Co-founder & Managing Partner, STRe Solutions
At long last we are seeing signs of improvement in the economy. On April 30th Business Week reported that "green shoots" appear to be poking their way through the parched fields of the economy. Two weeks later, on May 14th, the Wall Street Journal surveyed 52 economists and declared that they see an end to the recession by autumn, but a long way to recovery. And the Dow Jones Index has been steadily growing since early March.
At STRe we are also seeing a few signs of spring: Our Research Manager tracks job postings in the bay area and we have definitely observed an increase since the beginning of the year. And, a week ago I saw a $3B+ technology company post a job for an HR Coordinator for 6 months. That tells me they must be planning some hiring. Hopefully this is just the beginning of more signs to come.
The Green Revolution is one area that is driving the economy
Venture capital investment in green technologies totaled $836.1 million in 59 deals in the first quarter of 2009. Software giant SAP announced the acquisition of Clear Standards, an early stage company, founded two years ago, that saw the need for sustainability tracking at the enterprise level.
One segment of the green sector that is definitely advancing is automotive battery manufacturing. A123, a private US battery manufacturer is building a plant in Detroit. Toyota and Panasonic have teamed up to construct plants in Japan. Ford and GM have announced plans to build batteries in the US. And, DaimlerAG, has acquired a 10% stake in Tesla Motors, a clear sign that energy efficiency is coming to the automotive industry.
Conversations with VCs and CEOs
Looking for further signs of spring, I polled several Silicon Valley venture capitals and C-level executives for this article. My first conversation was with David Blumberg, founder of Blumberg Capital, who recently closed a new fund. David has a very positive approach to the economic crisis. He said, "Entrepreneurship is continuing to accelerate. Costs are now lower -- rent, storage, higher bandwidths and higher computing power available. Money goes further. People who went through the crash of 2000 (Internet bubble burst) are now experienced, have some seasoning." He went on to say that "tough times force more effectiveness, efficiency."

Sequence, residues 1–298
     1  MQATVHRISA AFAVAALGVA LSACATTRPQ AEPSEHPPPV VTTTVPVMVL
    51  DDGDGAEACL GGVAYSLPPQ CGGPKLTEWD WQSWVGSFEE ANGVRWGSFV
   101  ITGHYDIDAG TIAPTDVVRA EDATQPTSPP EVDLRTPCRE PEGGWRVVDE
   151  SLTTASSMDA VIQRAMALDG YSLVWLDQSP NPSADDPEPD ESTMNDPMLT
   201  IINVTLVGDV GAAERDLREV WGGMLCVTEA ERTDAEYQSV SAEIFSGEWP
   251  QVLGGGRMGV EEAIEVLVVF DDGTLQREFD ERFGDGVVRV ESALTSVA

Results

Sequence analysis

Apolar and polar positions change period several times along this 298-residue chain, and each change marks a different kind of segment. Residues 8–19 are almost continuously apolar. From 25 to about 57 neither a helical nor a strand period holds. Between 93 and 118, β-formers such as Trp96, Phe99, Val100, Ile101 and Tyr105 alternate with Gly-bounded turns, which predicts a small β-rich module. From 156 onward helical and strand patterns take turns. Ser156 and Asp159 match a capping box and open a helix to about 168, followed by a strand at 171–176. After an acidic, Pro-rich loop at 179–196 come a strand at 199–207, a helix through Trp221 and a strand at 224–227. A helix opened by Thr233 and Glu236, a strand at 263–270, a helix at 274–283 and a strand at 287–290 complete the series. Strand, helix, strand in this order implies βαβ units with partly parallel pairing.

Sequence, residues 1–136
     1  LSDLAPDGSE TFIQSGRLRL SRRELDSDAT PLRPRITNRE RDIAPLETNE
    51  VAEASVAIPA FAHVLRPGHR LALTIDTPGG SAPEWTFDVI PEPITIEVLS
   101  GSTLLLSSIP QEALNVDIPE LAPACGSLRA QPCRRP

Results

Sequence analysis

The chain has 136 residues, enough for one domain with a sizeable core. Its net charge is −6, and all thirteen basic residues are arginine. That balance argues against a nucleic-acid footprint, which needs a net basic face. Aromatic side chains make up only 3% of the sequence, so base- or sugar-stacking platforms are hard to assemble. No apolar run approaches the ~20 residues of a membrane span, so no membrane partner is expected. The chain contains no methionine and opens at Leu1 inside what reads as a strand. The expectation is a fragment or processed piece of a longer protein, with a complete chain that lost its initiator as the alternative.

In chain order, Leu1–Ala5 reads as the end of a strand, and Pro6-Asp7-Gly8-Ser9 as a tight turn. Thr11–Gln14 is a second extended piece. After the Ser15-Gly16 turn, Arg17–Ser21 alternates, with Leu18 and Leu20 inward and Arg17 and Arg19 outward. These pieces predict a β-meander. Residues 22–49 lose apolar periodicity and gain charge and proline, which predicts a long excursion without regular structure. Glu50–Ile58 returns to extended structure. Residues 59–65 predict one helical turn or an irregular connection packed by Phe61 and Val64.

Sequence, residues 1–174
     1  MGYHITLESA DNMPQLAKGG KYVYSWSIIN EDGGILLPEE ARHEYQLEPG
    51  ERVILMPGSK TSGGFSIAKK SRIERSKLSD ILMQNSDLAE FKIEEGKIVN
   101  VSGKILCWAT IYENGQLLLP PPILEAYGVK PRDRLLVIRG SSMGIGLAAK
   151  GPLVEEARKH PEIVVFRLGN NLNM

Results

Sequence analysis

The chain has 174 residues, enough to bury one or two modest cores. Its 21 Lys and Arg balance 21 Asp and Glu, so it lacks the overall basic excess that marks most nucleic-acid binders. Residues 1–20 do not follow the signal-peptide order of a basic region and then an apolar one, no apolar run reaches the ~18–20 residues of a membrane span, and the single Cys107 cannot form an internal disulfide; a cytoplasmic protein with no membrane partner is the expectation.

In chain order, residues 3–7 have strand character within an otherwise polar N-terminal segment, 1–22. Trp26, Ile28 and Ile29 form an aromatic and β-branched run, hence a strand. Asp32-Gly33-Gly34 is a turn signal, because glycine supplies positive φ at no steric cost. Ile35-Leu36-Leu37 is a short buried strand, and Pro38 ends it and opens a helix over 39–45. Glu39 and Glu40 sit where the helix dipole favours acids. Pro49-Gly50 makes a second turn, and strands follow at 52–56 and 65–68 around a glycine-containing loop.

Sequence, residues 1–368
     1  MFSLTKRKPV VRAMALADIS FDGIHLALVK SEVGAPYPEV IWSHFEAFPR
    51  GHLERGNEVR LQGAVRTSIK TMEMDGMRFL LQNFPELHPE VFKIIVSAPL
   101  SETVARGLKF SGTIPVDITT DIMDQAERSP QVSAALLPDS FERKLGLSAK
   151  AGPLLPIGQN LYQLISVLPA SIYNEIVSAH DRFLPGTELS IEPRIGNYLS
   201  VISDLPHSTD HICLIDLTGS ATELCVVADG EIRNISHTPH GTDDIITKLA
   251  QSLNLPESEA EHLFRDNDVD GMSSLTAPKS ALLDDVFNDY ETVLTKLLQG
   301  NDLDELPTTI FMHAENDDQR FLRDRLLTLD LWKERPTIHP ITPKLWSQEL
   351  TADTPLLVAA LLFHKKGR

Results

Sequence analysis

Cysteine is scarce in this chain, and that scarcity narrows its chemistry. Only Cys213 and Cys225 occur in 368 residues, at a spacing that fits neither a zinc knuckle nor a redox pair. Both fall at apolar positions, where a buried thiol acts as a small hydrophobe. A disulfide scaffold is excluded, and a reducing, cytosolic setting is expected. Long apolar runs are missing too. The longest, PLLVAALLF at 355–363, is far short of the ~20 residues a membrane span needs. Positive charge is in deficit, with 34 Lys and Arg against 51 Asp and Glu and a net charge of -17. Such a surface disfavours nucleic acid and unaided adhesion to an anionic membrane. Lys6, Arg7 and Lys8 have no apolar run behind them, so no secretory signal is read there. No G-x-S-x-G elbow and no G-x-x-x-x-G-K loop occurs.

My next conversation was with Michael Pliner, VC and Interim CEO. I knew the market was improving when Mike first told me he had so many VC meetings that we would need to talk over the weekend. He sees the market as status quo for the remainder of 2009, and expects to see improvement in 2010. Knowing I was interested in how all this affected recruiting he said, "A+ people are in demand, and always will be."
The IPO market is showing signs of spring with the recent IPOs of Solar Winds (SWI) and OpenTable (OPEN), both closing higher on their first day of trading. And, a recent comment from Paul Otellini, CEO of Intel is yet another sign of economic improvement on the horizon. In an interview with the Mercury News on May 12th, Otellini said that "the chip business has improved since April, when he declared that the personal-computer sales slump had 'bottomed out.'"
One more positive data point on the economy comes from Greg Ravenscroft, Industry Analyst and former President at LitePoint. Greg commented, "I saw that bookings of wireless chips were up in the past 4 weeks." It is especially interesting to see that the semiconductor industry is beginning to pick up. The chip sector is a major driver in the Silicon Valley economy and a sign of the future.
All in all there are signs of spring in the economy, and the companies who will survive are making changes, embracing new efficiencies and thinking differently. ARE YOU READY?